What stands out to me is the low amount of carries over the past two years. I do not think it’s a surprise that these past two years have been Adam Gase’s two worst offenses to date. He needs to get those carries up to the high 300-low 400 mark. It goes without saying what a strong running game does for a quarterback. Our off-season improvements across the line and at tight end should also help. In the words of a great friend and a great fan, just Run the Rock Coach.

Adam Gase

I expect Coach Gase to go back to the style of play that we saw in his Bronco and Bears offenses. His running back by committee is not an even split. One player takes the bulk of the carries and a second back handles third down duties and well as spelling the starter. I expect a 45%-35% split with Drake and Gore this year. There also seems to be a younger player in the mix getting a small sample size hoping to impress, with Kelan Ballage picking up the scraps.

There is a good case to give Gore a more equal share of the carries this year. He is a bruiser. He can wear a defense down and serve as a catalyst to Drake’s change of pace speed. He can also help keep Drake young and fresh by absorbing a greater number of hits. While I do not expect that to happen I expect the gap to be slightly tighter than it was for Gase’s running backs in 2014 & 2015. I think Gore is going to surprise a lot of people this year with his play and could be relied on to ground and pound our way out of a tight game.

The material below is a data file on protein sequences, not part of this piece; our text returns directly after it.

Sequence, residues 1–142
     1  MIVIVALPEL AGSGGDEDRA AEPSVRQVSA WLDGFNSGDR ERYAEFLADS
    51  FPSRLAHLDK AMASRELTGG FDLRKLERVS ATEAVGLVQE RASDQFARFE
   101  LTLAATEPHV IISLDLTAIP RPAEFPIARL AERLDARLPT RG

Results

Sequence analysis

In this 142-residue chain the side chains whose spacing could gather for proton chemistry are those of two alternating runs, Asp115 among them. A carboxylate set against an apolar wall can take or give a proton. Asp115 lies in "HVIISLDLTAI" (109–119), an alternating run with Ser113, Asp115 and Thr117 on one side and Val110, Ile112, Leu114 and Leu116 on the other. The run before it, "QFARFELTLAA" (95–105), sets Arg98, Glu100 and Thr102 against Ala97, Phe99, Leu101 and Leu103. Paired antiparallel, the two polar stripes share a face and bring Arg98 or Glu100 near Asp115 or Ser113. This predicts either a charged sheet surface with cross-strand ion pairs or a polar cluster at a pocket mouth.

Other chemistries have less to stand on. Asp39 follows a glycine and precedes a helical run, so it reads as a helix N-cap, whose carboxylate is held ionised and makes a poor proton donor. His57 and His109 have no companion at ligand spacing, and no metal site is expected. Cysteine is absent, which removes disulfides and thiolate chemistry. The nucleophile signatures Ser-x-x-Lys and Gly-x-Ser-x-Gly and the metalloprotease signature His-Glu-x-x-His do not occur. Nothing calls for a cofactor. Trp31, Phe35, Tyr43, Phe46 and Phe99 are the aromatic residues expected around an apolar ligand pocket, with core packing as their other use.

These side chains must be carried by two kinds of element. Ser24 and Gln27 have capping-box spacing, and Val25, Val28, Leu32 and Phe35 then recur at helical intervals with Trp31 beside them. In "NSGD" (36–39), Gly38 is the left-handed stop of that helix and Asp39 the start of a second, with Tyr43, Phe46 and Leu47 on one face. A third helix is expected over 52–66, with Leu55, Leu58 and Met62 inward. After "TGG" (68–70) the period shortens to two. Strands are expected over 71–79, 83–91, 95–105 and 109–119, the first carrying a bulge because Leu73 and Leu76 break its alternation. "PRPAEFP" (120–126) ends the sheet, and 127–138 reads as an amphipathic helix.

Drake is going to be Drake and I expect that he is the latest of Adam Gase’s running backs to make the Pro-Bowl. He is going to be a tremendous weapon for us both in the running and passing game and I hope for years to come.

Based on Adam Gase’s history, Ballage should see his share of work this season. His future and Miami’s future plan at running back will be based on what he does with those opportunities. It’s going to be interesting to see how this pans out with the use of these running backs and if we see more of the offensive distribution that gave Coach Gase success a few short years ago.